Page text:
Hillsong Geneva meets in a converted theatre, the Théâtre de la Madeleine, in the centre of the city. The main hall seats approximately 500. There is a foyer, as well as rooms upstairs and downstairs for children and infants.
The church is part of the Hillsong network which started life as a youth-friendly Pentecostal megachurch in Sydney, Australia. There are now Hillsong churches in 30 countries around the world, including two in Switzerland, in Geneva and Zurich. 2022 has been a difficult year for Hillsong, with the church's founder, Brian Houston, resigning after an internal investigation found he had engaged in inappropriate conduct with two women. The congregation of Hillsong Geneva is diverse, including people of different skin colours worshipping together – and crucially, up on stage. Geneva is a very international city and this seems to be reflected in the congregation.
The church is on the Rue de la Madeleine in the beautiful and historic Old Town of Geneva, with the Saint-Pierre Cathedral and the Reformation Wall, featuring statues of the heroes of Calvinism, a few steps away. Because its location is so central, it is well served by Geneva’s public transport system.
The head pastor introduced and emceed the service, while the sermon was given by a visiting speaker. A seven-strong band led us in worship. The pastor and the visiting speaker were both accompanied by interpreters.
What was the name of the service?Dimanche 10h30, ‘Sunday 10.30am’.
How full was the building?
The theatre was packed to the rafters! Every seat was filled and the foyer was crowded – there was a lot of ‘whoops… pardon… j’ose?’ as we tried to make our way through.
Did anyone welcome you personally?
There were welcomers at the door. I made for the coffee stand where a friendly German guy made me a latte and advised me to sit up front.
Was your pew comfortable?
They were luxuriously comfy leather theatre seats. Though, it being a service in the Pentecostal tradition, there was plenty of standing.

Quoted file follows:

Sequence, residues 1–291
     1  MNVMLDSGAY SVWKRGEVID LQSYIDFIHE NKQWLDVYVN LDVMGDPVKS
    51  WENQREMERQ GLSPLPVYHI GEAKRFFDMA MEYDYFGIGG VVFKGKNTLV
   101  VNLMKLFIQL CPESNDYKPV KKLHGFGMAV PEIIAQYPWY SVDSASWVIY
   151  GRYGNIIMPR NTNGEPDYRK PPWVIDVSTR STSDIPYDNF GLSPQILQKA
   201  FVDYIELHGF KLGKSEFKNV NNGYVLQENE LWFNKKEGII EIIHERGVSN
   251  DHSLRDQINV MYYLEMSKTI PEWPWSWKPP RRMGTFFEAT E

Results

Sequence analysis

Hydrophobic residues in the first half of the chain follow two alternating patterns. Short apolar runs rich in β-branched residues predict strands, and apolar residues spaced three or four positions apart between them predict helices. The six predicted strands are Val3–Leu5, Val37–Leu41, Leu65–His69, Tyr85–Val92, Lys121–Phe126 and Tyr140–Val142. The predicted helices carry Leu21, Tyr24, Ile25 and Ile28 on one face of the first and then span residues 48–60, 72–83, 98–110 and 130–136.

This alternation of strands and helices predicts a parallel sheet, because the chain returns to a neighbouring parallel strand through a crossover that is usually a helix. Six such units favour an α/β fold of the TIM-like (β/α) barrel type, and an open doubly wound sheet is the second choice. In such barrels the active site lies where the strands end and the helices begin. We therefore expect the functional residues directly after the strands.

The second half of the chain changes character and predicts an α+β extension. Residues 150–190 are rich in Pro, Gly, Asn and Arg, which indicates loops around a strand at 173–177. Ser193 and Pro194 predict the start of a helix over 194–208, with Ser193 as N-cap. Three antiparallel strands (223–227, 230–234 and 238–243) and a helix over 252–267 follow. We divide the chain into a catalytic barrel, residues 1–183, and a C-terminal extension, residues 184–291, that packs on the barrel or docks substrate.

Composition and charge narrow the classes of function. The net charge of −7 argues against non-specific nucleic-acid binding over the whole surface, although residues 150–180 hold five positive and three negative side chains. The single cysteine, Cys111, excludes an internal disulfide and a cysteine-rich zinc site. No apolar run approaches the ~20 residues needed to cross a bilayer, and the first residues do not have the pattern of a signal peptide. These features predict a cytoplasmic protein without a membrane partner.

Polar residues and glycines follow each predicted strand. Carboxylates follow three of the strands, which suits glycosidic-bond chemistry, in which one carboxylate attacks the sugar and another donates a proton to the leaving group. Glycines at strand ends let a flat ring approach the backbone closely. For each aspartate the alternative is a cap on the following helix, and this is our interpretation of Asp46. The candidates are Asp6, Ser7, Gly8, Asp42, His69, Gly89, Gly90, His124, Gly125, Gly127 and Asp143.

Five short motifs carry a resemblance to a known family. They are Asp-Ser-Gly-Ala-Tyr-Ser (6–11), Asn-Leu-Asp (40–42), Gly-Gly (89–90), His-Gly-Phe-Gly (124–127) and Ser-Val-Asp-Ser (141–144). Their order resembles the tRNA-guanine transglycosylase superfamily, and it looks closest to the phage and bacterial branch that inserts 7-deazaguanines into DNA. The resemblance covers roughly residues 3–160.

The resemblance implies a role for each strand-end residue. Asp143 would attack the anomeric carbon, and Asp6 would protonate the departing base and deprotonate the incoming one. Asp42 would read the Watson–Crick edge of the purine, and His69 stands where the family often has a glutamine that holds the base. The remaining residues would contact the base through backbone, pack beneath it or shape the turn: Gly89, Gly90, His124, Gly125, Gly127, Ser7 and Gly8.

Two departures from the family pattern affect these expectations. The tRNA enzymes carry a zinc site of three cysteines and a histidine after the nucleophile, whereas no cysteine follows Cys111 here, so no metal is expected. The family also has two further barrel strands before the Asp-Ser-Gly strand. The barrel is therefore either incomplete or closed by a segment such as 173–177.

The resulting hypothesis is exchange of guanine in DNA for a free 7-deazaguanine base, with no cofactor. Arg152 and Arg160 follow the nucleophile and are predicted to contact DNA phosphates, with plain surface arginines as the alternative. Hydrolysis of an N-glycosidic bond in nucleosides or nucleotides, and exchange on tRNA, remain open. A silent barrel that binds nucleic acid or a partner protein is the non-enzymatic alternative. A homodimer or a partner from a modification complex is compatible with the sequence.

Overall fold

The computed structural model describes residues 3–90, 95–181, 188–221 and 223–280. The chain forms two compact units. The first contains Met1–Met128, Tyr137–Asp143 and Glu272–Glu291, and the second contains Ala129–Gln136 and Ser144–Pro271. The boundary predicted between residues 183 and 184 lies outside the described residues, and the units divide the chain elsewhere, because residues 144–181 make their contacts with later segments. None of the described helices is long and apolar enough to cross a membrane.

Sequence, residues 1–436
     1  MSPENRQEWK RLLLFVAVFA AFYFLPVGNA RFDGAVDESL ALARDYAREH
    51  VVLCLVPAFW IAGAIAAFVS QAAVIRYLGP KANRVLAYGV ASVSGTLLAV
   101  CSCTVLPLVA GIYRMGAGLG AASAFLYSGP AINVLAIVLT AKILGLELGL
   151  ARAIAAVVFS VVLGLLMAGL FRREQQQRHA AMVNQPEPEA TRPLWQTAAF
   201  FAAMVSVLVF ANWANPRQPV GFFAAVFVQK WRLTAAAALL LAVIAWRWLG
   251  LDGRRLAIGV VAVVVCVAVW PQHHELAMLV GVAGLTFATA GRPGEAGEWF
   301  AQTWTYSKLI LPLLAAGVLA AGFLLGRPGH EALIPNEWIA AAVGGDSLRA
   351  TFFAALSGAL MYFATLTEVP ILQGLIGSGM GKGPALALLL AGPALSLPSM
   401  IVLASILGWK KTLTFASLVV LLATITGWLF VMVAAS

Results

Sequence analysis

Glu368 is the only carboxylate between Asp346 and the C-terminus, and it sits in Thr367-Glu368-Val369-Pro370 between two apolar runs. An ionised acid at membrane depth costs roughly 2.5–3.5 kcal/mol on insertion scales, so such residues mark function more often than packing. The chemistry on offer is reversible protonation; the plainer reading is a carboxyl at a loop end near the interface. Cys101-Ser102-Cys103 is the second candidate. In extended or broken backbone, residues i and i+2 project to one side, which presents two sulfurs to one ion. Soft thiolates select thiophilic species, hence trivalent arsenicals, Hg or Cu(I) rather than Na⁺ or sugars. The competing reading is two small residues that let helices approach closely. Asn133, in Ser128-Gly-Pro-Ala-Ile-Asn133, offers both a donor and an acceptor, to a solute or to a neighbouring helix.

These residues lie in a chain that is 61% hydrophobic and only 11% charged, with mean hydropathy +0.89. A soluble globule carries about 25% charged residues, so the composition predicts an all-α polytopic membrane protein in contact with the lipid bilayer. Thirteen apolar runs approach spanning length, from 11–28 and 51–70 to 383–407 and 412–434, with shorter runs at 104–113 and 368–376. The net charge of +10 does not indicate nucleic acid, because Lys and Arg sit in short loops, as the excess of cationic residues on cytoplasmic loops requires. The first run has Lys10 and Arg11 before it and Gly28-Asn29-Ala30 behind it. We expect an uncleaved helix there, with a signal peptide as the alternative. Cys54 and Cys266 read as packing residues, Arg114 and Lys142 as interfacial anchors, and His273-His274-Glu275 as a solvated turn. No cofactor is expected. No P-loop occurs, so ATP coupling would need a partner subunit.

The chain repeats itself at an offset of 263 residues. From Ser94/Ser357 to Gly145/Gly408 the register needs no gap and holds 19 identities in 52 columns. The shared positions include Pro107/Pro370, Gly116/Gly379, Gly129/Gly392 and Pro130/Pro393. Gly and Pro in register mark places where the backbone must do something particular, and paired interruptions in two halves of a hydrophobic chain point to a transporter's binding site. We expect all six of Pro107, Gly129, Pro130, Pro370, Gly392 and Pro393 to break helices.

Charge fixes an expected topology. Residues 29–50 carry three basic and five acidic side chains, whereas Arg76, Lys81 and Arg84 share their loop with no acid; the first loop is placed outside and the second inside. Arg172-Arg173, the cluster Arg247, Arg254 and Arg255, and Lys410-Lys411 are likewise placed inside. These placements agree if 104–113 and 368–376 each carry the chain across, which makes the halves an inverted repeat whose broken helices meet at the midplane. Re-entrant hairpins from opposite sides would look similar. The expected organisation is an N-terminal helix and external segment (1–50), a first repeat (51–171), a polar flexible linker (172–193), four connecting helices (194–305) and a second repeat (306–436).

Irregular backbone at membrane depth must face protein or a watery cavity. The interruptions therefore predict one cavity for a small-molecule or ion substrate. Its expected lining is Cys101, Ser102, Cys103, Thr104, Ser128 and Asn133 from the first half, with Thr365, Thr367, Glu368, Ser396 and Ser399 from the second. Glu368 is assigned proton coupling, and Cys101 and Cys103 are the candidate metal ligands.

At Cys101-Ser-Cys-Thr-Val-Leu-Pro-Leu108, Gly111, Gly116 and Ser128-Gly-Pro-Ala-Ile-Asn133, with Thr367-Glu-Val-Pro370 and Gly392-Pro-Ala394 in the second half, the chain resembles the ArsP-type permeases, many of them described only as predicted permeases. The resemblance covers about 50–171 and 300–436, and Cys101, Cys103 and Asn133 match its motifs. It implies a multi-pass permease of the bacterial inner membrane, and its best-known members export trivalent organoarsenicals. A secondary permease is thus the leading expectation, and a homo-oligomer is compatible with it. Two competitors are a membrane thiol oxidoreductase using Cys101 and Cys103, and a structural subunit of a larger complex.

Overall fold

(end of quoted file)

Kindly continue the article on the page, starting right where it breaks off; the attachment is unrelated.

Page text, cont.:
How would you describe the pre-service atmosphere?
In a word, busy. People were greeting each other, buying coffee, taking their seats.
What were the exact opening words of the service?
‘Bonjour l’église!’ – spoken by the main vocalist in the worship band before launching into the first song.
What books did the congregation use during the service?
Everything was projected on the screen above, including the song lyrics and the scripture references, which were all presented in both French and English.
What musical instruments were played?
This was a standard rock band set up: two vocalists, keyboards, electric bass, electric guitar, electric acoustic guitar, and the drummer in his obligatory plexiglass cage.
Did anything distract you?
Geneva is currently experiencing a heatwave, and try as they might, the ceiling fans were no match for a building full of sweaty bodies. In addition, the visiting speaker was wearing a trouser suit in a shade of green that could only be described as violent.
Was the worship stiff-upper-lip, happy clappy, or what?
The service offered standard Hillsong fare: rock music about Jesus, plenty of audience participation, arms akimbo in audience and onstage alike, and not a whiff of serious biblical study. A couple of scripture verses were used (out of context) to prop up a point, but there was no depth from either the pastor or the preacher.
Exactly how long was the sermon?
The sermon clocked in at 44 minutes, which might be normal for a Pentecostal church, but is far too long for this bells-and-smells Anglican, especially given the sermon’s lack of weight.